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Louisville Levee: 1905

The Ohio River circa 1905. "The levee -- Louisville, Kentucky. Sternwheeler Georgia Lee." 8x10 glass negative, Detroit Publishing Co. View full size.

The Ohio River circa 1905. "The levee -- Louisville, Kentucky. Sternwheeler Georgia Lee." 8x10 glass negative, Detroit Publishing Co. View full size.


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Those are Fink trusses

The bridge in the background is the 14th Street bridge, although the single-track deck was replaced in 1916-1919 because of heavier rail equipment and traffic. (300+ trains a day in the early 1900's!) The stone piers remain the same to this day. The bridge was actually built by the Louisville & Nashville Railroad and only a few years later was this line sold to the Pennsylvania as their only foray into Kentucky with this Indianapolis to Louisville line. Albert Fink, German inventor of this style truss bridge, was employed by the L&N at the time of its construction.

The Bridge

I was curious about the bridge in the background - almost certainly it was a railroad bridge. So did a little checking and I think it may be the bridge built in 1868 for the Pennsylvania Railroad. If so, it is now called the Fourteenth Street Bridge and is still in service (according to Wikipedia).

Gothic Cathedrals on the river

I plain love the pictures of those old steamboats.

You can see the structural design at work. Specifically the hogging chains (or cables or rods as they might have been by 1905) which were necessary to keep those flat wooden hulls from braking in two. You can see where the loads and stresses go, just like on a Gothic ribbed vault.

Steel hulls don't need them. Much stronger material and totally different way of handling loads and stresses.

By the way, hogging chains (et al) are the thingies which come up through the front end of the superstructure, are fixed on pillars amidships and go back down at the stern. By the way, No. 2., all ships hog. But those sternwheelers hog real bad with the boilers at one end and the engine at the other.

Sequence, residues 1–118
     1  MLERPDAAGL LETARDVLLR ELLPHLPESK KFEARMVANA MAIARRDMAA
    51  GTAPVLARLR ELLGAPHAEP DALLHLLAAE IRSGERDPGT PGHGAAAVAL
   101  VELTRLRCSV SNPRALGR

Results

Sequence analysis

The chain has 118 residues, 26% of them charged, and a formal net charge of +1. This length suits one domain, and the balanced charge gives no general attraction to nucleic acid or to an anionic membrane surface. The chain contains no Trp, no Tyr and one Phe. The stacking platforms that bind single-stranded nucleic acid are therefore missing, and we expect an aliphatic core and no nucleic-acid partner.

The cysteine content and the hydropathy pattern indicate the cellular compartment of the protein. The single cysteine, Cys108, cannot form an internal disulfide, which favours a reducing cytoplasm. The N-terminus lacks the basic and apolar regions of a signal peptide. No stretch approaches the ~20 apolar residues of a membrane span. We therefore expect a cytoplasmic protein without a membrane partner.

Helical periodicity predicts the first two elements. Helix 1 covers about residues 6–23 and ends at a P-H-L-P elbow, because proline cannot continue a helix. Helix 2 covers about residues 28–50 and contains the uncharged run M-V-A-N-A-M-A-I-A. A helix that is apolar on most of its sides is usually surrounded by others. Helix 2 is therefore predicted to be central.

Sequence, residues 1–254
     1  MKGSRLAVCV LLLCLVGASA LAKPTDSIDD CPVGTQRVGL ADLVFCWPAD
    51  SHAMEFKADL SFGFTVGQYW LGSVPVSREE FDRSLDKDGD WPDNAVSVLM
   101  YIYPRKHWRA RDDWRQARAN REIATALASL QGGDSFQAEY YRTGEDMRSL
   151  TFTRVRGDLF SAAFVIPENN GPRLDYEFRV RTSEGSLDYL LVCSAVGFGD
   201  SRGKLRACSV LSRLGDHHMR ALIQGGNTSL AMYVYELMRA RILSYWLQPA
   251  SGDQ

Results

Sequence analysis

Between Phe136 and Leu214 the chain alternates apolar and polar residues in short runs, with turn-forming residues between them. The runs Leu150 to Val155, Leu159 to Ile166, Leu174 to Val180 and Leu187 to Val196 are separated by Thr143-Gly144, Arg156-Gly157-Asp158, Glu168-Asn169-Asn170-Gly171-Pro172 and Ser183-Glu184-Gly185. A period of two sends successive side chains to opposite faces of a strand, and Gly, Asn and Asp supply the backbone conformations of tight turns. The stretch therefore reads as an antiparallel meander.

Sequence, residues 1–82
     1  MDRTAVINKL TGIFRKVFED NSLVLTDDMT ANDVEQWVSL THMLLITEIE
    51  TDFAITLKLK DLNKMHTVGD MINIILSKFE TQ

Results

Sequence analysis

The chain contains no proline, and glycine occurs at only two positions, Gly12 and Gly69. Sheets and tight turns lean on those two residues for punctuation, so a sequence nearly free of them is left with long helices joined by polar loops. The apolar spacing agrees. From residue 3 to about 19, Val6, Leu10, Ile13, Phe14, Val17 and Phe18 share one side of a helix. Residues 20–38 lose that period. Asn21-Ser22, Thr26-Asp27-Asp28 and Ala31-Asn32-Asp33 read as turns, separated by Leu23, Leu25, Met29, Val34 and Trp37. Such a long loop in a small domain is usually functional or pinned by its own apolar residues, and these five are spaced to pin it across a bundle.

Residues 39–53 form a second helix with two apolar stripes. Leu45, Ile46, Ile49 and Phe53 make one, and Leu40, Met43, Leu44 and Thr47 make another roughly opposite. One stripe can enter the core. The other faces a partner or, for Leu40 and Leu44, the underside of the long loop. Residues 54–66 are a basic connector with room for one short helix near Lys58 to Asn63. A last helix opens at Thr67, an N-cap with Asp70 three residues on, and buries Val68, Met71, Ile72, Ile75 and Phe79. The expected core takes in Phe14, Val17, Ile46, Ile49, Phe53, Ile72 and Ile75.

Loungin' on the Levee

What we 21st century sophisticates might not realize is that in the 19th and into the 20th century, in river towns, when the stern and paddle wheelers came in, this was a connection with the outside world! Besides those boats carrying goods and merchandise from far away places -- and taking on goods from that particular city and its surroundings to be shipped and sold -- they also were a means of carrying passengers. In many cases, mail was carried from city to city by river boats. In the picture, look on the upper deck and you'll see a group of men, women and children in their best traveling clothes taking in the sites of the port of Louisville. This was a big deal for those who traveled on these boats. I agree with DepotHack that those on the shore are most likely passengers who got off for a stretch and a smoke and to get the latest scoop on the levee at Louisville or were waiting for someone to disembark who was coming to visit or had business in the city. In those days, the activity that took place down around the levee in river towns and cities was equivalent to that at a train station or -- in years to come -- an airport. These days -- and it was just on the news a couple of days ago -- the folks along the Mississippi and the Missouri and other rivers are singing the blues about low water levels and how that will limit the amount of river traffic. Alot of us forget (or just don't realize anymore) that a majority of our produce and goods here in the good ole USA are still shipped up and down our rivers.

Bridge Trusses

In the background, we get a good view of the design of the trusses used in the bridge across the Ohio River. The central span appears to be a Pratt truss, which allows clearance for riverboats to pass beneath it. The other trusses appear to be Fink trusses.


Actually, I think most of those well dressed fellows are "through-passengers" waiting for the loading to be completed and have nothing else to do. Their womenfolk are no doubt still comfortably aboard, having tea in the salon or napping in staterooms. I think the tip-off here is the fact that there is fire in the boilers and steam escaping. The two guys near the rail aft are no doubt part of the crew tending fires and boilers, etc. I don't think they would burning fuel if the voyage was originating here; I think this is just a "stopoff" to partially unload and add the freight that's stockpiled on the riverbank.

Only made it to 20.

Built in 1898 for $18,000, at the Howard shipyards of Jeffersonville, Indiana, for the Lee Line of Memphis, Tennessee. She was 210' x 43'. Destroyed by ice in 1918 at Memphis.

Capn_Jack, that framework is known as hogchains, and it ties the ribbing in the hull together with the upper decks. Common on most wood hulled steamboats.


Louisville in that time period must have been very boring. Otherwise, why should so many well-dressed men (and one boy on a bicycle) have come to the levee to watch the steamer load? Why, it's barely more exciting than watching grass grow! Maybe it happened during lunch hour for white collar workers? Why are there no, or hardly any, women in the audience?

Interesting to modern shipspotters is the network of rods or cables above the weather deck -- possibly a framework for awnings.

Go down to the levee!

Hard lookers enjoying the efforts of a few hard workers. How much easier in the future with some modern equipment. I can see lumber, barbed wire, axle grease and cotton for sure. Are the large cylinder shaped containers tobacco?

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